Through a series of interlocking chapters, Nixon covers a lot of ground with a broad brush. A chapter on the financial crisis patiently deconstructs how the financial industry devised an enormous global Ponzi scheme and then used neoliberal ideology to cloak it in high-minded public purpose. Another chapter describes the troubling decline of democracy and how this has enabled the corporate class to win legal protections, subsidies and other privileges for its dubious, self-serving schemes.

The failures of democratic governance to oversee the market is a key reason why we have so many overlapping ecological crises today, all of them inflamed by a commitment to relentless economic growth and an economy based on mountains of debt. Our ecological plight is also directly related to the corporate form itself, which assiduously externalizes as many costs as it can onto the environment, communities and future generations. Modern societies remain tethered to these ideals — economic growth, debt-driven market activity and the corporate form — even though they are no longer credible answers for the problems that we face. And yet the alternatives remain dim in many people’s minds.

It is here that Nixon devotes a great deal of energy, outlining some of the most promising policy solutions and self-directed projects now available. Most of these solutions involve building a new “green economy” that is based on different forms of governance, global institutions and trade policies. He outlines, for example, the vision of food sovereignty and security that many communities are pursuing. He extols the virtues of bioregionalism and localization, and the need for communities to have real choices in managing their economic futures. He describes the promise of the commons; the appeal of the Transition Town movement; and many working projects that could be taken to greater scale in the future. For example, Bristol has made itself into one of the most cyclist-friendly cities in the UK. Dongtan, China, is pioneering dozens of new green innovations in urban design. Permaculture projects are showing new ways to grow food profitably and sustainably for local consumers.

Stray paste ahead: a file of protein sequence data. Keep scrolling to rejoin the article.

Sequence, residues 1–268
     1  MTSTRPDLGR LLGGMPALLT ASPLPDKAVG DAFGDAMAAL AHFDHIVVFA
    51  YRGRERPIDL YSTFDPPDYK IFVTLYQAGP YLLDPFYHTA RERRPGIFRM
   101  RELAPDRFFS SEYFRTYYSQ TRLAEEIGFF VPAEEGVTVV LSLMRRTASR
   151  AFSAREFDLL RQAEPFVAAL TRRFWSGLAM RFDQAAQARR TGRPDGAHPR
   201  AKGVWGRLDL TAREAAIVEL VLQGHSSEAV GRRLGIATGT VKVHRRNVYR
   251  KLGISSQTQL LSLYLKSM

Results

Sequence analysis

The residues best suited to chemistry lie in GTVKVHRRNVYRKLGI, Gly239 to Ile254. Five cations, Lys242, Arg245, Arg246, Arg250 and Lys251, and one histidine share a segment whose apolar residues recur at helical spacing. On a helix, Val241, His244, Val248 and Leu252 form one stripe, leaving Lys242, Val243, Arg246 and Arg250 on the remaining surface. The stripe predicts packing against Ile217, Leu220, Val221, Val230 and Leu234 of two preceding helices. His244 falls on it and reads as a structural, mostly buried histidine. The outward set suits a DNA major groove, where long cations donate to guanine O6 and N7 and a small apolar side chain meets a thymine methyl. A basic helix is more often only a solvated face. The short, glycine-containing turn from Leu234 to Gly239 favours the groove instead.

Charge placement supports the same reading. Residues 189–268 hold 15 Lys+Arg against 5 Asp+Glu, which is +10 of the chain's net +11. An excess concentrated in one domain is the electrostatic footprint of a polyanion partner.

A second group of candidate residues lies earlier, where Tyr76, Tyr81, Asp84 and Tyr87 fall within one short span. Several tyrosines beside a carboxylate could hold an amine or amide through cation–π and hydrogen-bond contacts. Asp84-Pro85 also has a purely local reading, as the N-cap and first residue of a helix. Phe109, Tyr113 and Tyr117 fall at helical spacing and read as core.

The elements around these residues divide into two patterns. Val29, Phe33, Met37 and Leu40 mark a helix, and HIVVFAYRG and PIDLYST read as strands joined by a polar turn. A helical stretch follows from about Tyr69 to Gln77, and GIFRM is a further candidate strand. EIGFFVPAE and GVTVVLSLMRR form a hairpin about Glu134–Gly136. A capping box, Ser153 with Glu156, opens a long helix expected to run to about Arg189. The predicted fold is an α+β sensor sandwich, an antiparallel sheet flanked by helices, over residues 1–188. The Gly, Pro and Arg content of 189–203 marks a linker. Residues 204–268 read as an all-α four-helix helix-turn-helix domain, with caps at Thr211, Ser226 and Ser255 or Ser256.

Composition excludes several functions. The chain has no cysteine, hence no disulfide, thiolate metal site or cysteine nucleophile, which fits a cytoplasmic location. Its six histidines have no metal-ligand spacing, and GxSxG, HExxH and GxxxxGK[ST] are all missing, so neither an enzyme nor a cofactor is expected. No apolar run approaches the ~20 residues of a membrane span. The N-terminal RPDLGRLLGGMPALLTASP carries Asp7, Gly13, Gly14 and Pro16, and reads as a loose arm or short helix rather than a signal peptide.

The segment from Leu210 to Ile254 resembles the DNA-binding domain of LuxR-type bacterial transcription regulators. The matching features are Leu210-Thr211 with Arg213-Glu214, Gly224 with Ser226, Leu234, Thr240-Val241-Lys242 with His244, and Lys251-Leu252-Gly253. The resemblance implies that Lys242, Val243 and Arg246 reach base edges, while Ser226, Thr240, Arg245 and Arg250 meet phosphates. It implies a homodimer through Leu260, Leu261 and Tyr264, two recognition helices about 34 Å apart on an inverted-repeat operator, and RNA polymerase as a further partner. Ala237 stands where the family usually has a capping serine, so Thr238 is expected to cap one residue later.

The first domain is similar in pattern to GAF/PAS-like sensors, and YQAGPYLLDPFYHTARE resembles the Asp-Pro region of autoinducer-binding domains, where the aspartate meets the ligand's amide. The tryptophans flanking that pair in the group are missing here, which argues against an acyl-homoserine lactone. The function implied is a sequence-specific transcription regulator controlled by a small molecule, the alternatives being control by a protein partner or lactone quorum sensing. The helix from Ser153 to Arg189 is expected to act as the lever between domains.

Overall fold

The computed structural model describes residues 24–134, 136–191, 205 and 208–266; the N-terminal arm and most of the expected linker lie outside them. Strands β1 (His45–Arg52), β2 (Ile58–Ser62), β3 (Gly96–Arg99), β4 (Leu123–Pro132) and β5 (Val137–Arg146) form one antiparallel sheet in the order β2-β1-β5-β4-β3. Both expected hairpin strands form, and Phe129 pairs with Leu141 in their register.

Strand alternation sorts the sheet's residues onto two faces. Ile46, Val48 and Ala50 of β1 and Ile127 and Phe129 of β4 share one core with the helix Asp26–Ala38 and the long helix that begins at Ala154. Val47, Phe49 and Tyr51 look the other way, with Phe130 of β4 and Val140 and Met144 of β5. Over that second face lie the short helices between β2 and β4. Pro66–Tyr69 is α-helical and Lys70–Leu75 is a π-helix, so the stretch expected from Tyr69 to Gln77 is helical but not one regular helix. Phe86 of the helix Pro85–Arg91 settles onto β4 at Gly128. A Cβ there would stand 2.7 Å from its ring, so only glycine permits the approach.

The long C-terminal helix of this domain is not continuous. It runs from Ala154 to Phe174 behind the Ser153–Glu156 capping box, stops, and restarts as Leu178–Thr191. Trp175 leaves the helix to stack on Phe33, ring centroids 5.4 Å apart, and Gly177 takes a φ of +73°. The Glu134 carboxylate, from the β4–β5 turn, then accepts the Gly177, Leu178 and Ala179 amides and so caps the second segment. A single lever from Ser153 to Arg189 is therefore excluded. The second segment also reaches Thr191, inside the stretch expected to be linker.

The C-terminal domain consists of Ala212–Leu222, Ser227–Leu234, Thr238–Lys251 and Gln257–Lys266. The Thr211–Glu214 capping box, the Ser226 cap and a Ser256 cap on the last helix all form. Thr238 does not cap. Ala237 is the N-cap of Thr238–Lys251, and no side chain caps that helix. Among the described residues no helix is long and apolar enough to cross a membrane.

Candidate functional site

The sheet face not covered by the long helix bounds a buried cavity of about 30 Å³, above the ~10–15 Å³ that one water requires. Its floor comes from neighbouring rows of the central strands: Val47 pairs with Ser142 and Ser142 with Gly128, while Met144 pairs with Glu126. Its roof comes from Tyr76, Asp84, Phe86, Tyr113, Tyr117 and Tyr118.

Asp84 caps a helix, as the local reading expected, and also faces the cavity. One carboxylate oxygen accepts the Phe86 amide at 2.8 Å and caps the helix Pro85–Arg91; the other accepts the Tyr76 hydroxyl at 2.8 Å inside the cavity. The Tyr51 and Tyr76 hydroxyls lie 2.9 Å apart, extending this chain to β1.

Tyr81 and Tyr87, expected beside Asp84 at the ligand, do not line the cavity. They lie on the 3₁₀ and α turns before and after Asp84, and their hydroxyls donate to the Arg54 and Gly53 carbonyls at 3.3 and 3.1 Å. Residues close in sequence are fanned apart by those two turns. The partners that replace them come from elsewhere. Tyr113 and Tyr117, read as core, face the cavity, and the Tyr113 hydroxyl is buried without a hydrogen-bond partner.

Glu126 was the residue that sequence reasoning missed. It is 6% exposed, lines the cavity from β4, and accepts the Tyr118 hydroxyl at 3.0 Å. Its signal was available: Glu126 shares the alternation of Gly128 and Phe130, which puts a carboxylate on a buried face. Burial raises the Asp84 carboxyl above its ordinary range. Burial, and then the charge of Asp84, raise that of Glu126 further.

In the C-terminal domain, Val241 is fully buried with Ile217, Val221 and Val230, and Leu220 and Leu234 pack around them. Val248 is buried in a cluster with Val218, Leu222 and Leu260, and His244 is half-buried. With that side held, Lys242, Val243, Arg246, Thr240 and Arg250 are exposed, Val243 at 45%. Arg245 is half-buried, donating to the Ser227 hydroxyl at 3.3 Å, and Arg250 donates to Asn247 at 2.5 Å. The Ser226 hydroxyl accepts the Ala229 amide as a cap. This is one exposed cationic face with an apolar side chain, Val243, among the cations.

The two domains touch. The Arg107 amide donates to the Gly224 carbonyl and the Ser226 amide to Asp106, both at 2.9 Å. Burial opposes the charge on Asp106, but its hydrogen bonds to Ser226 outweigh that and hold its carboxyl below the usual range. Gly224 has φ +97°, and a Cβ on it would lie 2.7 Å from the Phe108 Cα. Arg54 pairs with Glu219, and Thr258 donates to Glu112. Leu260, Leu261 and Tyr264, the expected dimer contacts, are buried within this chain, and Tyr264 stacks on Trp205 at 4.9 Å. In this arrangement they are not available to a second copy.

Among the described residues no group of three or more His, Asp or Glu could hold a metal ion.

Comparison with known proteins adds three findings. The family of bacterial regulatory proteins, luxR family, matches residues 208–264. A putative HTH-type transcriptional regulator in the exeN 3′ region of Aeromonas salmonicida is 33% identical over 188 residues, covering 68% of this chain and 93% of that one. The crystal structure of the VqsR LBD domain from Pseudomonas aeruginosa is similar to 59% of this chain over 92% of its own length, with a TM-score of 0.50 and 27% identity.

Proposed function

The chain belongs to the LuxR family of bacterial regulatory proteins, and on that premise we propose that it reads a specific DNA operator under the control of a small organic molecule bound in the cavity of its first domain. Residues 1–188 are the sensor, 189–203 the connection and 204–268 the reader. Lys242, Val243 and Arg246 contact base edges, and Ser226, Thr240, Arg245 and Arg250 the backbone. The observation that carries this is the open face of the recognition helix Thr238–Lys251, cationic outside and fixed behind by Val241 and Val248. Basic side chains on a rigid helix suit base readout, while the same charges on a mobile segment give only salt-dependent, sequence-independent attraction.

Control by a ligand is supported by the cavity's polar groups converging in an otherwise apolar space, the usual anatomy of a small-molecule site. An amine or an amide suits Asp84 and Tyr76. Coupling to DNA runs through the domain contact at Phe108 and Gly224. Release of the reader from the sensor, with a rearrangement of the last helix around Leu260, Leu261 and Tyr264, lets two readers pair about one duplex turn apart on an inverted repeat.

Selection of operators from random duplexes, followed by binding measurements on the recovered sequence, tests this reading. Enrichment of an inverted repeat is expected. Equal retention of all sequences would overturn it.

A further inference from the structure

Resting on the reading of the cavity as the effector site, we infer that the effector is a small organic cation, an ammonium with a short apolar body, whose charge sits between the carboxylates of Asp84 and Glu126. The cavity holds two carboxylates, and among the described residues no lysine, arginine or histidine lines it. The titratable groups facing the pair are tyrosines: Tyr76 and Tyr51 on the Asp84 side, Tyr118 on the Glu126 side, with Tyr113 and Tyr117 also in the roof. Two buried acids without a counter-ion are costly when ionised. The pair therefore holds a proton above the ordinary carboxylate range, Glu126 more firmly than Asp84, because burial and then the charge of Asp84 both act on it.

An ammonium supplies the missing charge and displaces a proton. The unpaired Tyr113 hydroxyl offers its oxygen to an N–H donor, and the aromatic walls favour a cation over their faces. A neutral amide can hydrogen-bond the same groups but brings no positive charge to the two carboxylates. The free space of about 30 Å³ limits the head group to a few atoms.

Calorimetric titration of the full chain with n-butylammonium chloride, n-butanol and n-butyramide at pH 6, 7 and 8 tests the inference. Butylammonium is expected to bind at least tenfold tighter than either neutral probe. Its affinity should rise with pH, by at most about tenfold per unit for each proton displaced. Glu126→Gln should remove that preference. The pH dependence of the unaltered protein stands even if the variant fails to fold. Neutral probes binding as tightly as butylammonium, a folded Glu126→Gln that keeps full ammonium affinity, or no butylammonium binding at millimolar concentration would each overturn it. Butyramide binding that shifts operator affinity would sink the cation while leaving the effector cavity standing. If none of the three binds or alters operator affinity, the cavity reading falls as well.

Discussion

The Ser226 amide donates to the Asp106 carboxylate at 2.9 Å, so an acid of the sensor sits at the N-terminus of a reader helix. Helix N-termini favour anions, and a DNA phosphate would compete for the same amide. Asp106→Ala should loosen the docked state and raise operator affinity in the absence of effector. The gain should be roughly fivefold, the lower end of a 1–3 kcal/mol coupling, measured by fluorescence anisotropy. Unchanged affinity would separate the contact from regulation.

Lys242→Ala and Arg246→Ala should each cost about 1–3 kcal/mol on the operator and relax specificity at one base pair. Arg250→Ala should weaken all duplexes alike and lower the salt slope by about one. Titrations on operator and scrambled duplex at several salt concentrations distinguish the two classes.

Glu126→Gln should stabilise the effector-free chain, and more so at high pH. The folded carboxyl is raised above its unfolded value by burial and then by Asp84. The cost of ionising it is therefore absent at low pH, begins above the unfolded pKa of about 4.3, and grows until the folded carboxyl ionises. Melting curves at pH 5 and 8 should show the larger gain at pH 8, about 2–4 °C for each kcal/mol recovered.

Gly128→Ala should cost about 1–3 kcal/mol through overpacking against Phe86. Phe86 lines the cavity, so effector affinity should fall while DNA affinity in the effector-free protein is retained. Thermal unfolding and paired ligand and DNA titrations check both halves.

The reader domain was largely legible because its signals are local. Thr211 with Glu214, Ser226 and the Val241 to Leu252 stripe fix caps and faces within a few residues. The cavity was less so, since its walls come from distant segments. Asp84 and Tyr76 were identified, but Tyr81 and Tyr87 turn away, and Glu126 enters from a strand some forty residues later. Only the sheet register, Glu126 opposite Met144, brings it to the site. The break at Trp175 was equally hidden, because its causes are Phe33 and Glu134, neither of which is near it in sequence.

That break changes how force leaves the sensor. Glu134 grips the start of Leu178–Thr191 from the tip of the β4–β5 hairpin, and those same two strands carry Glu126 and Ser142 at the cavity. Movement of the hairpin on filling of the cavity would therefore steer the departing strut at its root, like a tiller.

While A Better World Is Possible is a wonderful showcase for many emerging projects and ideas, it sometimes reads like a scattershot list of alternatives — when what is really needed is a strategic guide to the pressure points that could truly effect change. That, indeed, remains the elusive goal of contemporary activism: What strategies can make change happen in our political culture? With the problems so large and intertwined, how can the concerned citizen become a credible agent of change?